Face down in a muddy, soggy corn field, I contemplate our sanity for a lengthy amount of time.
More than 100 yards ahead of us are tens of thousands of pairs of eyes, attached to tens of thousands of wary, nervous, flighty snow geese.
We are surrounded by the feathered abominations. To the south is a group of feeding geese that play hop-scotch, dozens of birds at a time, as they jumped airborne from the back to the front of the flock.
To the north is another group in a barren, ink-black bean field. These birds want desperately to get to the south group, as they watch them hungrily gobble up the leftover corn spilled haphazardly from the fall's harvest.
Straight ahead of us, on the side of the tilled-up hill, is another flock; the one we are sneaking - the one with nearly every individual goose craning its neck to watch us inch along on our hands and knees.
Stealthily as wood ticks on a bald dog, my friend, Erik, and I crawl - through snow and ice and standing water - determined to get as close as possible.
All at once, it happens. Peripheral movement from the left catches my eye.
"Funny," I think, "those birds to the south just got up."
Then, like a salt-and-peppered tapestry, the entire web-footed armada takes to the skies in a cascade of undeniable futility
The tornadic mass of bodies swirls inwards, collapsing like a dying star, before exploding in a supernova of gray, white and black. The intensity of wings whistling in the northern breeze surpasses garage-band-decimal level, and deafens as it passes overhead.
We lay there in awe and wonder, watching in stunned silence as bird after bird, wave after wave, pass overhead.
Although most are out of range, a handful sweep low enough to catch our interest.
"Waddaya think?" Erik asks, as a group of 20 or so snow geese, lower than the rest, fly our direction.
"If they get over us, why not?" I say.
We both raise our guns, unleashing a barrage of scattered fury in hopes of downing a meal.
A dozen or so shots later, and no birds on the ground, we can do nothing but laugh as thousands of geese continue to stream over our heads. They climb higher and higher, oblivious and obviously unafraid of our pathetic showing of evolutionary superiority.
The sneak was a fruitless effort. Chuckling about it may be more of a tourniquet to hold back a flood of tears, than a genuine outburst of giddy emotion.
Still, the moment was incredible. Not many souls get to witness an event like that. Trying to pick out individuals from a flock numbering in the thousands is like trying to follow a single, white speck on a static-y television screen.
And the sound: imagine the rumbling of a convoy of semi trucks loaded to the hilt with squeaking dog toys. The entire lot is surging down the freeway, threatening to squash you into human pizza. At the last second, they all exit on a bypass lane and pass harmlessly overhead.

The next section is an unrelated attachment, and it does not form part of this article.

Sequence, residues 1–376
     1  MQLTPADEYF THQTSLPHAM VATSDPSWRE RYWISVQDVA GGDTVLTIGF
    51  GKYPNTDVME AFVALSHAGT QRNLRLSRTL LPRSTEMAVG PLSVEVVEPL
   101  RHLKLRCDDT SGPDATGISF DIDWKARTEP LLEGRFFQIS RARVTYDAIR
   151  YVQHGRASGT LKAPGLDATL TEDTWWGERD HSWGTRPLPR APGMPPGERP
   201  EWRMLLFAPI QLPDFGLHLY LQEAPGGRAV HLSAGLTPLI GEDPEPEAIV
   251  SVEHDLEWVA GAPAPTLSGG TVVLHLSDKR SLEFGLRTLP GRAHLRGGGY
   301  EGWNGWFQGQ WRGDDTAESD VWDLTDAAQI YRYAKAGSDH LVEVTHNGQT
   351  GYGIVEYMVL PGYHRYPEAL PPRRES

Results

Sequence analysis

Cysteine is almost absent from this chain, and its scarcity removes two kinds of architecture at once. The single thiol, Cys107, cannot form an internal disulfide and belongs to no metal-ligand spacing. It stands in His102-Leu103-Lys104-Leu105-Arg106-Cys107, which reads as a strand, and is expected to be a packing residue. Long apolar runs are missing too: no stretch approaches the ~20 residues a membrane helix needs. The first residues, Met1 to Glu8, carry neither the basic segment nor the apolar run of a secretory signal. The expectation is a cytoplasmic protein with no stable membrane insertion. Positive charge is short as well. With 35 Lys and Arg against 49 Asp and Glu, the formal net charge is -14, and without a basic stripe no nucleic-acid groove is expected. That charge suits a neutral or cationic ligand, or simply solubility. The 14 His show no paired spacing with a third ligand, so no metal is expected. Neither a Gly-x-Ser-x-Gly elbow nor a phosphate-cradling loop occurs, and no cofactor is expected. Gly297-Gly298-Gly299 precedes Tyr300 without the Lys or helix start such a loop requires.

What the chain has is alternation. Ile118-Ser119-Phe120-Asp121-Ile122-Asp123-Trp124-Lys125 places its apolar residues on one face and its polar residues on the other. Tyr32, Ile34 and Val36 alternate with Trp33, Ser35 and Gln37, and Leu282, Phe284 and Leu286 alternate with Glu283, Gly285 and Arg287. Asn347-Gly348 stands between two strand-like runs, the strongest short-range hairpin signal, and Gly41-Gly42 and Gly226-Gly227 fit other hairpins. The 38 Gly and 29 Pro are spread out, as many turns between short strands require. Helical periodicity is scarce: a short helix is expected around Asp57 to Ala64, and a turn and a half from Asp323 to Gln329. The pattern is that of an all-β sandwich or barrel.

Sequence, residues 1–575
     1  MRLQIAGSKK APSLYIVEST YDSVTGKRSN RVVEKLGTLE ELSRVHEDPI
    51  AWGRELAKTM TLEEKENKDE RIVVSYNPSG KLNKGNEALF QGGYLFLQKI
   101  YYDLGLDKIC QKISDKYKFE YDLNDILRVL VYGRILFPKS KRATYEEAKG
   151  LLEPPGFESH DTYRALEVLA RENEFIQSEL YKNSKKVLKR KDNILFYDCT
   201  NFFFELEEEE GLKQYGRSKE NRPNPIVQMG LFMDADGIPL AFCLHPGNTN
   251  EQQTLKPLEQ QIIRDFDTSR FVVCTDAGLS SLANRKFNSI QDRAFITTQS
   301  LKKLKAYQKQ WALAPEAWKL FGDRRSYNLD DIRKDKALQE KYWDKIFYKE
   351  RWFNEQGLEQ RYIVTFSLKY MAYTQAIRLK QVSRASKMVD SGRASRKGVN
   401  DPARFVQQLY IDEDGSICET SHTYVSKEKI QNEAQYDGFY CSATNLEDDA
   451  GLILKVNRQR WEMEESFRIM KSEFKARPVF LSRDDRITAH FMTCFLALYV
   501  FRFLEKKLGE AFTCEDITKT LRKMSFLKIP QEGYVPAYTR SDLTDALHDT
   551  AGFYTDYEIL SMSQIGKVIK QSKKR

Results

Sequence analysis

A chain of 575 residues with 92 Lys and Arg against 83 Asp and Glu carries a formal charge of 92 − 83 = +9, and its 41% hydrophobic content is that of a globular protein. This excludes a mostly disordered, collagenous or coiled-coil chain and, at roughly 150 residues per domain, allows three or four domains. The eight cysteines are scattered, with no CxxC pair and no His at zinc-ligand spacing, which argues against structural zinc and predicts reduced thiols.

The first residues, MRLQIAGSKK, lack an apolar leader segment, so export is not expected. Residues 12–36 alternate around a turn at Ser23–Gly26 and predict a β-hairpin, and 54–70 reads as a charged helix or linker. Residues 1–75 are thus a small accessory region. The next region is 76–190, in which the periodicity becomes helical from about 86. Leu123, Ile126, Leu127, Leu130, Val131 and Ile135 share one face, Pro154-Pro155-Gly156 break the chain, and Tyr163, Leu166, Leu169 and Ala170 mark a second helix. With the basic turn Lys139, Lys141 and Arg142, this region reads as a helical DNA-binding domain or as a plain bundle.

In that case, you might (and I stress might) know what it's like to witness the spring migration of snow geese in such a closely intimate setting.
Defeated, Erik and I trudge back to the truck and our awaiting dogs. Remy, my German wirehaired pointer, and Lakota, Erik's Labrador retriever, give us looks that say more than words can.
"Just what in the world do you think you're doing going hunting without bringing us?!"
It is a tough pill to swallow. The dogs, both young at 11 months and 2 ½ years, respectively, likely wouldn't have behaved peaceably while we attempted our sneak. Though, in retrospect, two eager pups bearing down on the geese may have given us more success than the previously executed plan.
We let the two fur balls out to burn off some steam, and they quickly busy themselves doing what puppies do best: play.
At one point in the day, Remy and Lakota kick off a rather energetic form of keep-away involving a dead muskrat. Although it remains uncertain as to which one discovered the rodent, I do believe Remy wound up the eventual victor.
Playing aside, my goal for the day was to get Remy a retrieve on a goose, which we achieved. After Erik dropped me off in a promising pass-shooting location, I managed to whack a small Ross' gooses that sailed a ways out into a harvested corn field.
Remy gave chase, but turned back too soon and gave me a nervous glance as he tried to pick up the scent. Just when I was about to give up hope, the wounded bird got up and Remy was on him in a flash. Seeing my dog saunter back, head held high, gave me more pride than a pile of dead birds filling the bed of our pickup truck.
So maybe the snow goose hunt wasn't a success if measured by sheer quantity of felled game. But if enjoyment could be calculated, I'd say we came home with more than a limit.